This has always been one of my pet peeves against utilitarianism—its tendency to ignore human psychology and our need to devote substantial resources and attention to our own projects. Apparently, Singer is addressing the issue in his new book. (To be fair, he may have addressed the issue in earlier work. I am not familiar with all of it.)
In the interview, Singer’s response was to hope that people would adopt aid to others as part of their personal projects, and he suggests that individuals should do so only if it makes them happy. But this is not really a utilitarian response since it puts such a premium on individual human happiness.
Utilitarianism asserts that our actions should advance the general welfare. Our personal happiness is only one very small component of the general welfare, and thus utilitarians cannot be motivated primarily by the pursuit of personal happiness. That is psychologically implausible. But some utilitarians argue that we can best advance the general welfare when we focus on personal happiness. But then they are conceding defeat. If that is the case, utilitarianism no longer provides us with a theory of practical reason.
If there is a coherent utilitarian position that places such a premium on individual happiness, utilitarianism is inching closer to an ethic of care (or at least my version of it).
AIG: Moral Outrage May Be Bad for Your Health March 17, 2009Posted by Dwight Furrow in Current Events, Dwight Furrow's Posts, Ethics, Philosophy.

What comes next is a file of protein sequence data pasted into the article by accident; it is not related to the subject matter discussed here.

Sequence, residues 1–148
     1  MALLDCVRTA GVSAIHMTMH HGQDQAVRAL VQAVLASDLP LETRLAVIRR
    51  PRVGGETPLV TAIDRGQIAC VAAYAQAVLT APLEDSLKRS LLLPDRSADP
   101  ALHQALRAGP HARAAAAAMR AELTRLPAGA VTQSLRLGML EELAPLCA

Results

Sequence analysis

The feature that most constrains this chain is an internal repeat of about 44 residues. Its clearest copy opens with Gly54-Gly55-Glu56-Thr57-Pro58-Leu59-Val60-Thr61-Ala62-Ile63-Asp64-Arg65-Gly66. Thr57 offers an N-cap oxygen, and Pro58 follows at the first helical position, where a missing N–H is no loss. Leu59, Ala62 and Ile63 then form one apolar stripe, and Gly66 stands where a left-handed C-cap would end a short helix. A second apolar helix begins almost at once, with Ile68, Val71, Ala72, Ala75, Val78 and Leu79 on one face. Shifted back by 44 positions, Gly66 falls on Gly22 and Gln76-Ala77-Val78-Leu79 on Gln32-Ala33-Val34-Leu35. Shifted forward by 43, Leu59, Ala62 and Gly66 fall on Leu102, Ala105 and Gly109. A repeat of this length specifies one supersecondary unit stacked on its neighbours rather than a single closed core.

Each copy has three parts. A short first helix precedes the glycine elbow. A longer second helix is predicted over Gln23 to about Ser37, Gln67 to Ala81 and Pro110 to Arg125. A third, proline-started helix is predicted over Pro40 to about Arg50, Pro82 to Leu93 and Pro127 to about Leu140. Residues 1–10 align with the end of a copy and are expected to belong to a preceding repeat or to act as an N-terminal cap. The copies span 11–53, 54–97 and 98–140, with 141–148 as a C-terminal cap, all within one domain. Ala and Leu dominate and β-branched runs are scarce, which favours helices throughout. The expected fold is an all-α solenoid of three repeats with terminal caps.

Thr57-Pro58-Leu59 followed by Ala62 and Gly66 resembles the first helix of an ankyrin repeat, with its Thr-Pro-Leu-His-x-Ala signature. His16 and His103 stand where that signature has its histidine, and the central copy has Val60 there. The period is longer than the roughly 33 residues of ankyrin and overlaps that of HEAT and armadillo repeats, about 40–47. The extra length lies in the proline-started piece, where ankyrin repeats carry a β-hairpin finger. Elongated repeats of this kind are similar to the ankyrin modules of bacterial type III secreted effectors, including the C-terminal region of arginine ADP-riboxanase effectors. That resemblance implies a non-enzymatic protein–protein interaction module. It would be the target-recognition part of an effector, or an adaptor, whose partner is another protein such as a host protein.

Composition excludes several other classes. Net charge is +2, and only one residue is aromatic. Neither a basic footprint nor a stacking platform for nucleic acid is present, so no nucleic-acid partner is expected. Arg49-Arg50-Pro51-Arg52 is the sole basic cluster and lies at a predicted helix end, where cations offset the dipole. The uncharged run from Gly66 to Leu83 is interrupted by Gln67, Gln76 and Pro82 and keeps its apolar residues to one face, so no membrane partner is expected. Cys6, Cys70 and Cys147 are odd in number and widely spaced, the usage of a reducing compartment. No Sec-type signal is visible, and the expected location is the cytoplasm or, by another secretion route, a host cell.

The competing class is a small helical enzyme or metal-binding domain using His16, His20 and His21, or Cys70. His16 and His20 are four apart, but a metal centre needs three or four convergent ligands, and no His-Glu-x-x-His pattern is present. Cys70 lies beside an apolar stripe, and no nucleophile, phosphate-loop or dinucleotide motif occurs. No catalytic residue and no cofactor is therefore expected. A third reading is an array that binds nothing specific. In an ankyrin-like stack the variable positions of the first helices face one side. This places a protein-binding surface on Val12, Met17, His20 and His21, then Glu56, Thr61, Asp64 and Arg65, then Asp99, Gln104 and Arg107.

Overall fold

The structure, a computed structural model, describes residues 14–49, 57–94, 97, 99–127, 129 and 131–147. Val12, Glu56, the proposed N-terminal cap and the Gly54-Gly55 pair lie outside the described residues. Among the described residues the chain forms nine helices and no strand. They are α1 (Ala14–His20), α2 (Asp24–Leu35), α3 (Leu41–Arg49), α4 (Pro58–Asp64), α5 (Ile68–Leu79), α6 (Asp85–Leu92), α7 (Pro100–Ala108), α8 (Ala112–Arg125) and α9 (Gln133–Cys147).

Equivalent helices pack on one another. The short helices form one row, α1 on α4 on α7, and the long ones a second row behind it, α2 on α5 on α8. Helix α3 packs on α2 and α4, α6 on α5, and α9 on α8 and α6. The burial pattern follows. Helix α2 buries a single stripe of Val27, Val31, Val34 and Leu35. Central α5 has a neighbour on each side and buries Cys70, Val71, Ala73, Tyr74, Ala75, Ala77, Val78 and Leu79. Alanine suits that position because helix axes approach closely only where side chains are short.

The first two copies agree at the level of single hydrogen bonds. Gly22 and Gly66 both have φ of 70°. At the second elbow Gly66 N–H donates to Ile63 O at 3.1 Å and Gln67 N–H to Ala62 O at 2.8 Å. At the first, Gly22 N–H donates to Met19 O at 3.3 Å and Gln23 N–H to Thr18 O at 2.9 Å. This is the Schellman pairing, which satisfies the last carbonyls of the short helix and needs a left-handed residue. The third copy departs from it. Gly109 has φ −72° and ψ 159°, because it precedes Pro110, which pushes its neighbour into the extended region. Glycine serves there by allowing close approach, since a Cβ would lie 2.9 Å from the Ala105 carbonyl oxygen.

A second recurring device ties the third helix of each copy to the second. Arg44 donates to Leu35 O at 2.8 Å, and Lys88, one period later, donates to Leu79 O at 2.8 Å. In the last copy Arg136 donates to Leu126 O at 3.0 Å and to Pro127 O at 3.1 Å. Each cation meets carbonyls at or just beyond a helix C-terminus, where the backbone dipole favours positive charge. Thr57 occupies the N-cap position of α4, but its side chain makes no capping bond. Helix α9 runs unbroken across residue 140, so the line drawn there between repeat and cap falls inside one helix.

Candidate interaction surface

Tags: AIG, federal bailout, moral outrage, utilitarianism
The exploding populist anger regarding bonuses paid to AIG executives is entirely justified. The very people who caused a lot of this mess are receiving tax-payer financed bonuses rewarding their incompetence.
But moral outrage is a cheap emotion. It is easy to generate, costs the outraged person nothing, and makes her feel better, relieving the frustration of pent up feelings by “letting of steam”. It also permits the outraged person the illusion that they have done something even though the emotion requires no action.
Most importantly, moral outrage is cognitively impoverished. One can feel and express moral outrage without ever considering the consequences of doing something to rectify the injustice.Thus, it is a dangerous emotion.
In the survey released just today by the Pew Research Center, nearly half of Americans say they are “angry” about the government “bailing out banks and financial institutions that made poor financial decisions” (39% say they are bothered but not angry, only 12% are not bothered). Not surprisingly, this anger translates into considerable skepticism about bailouts of banks and financial institutions: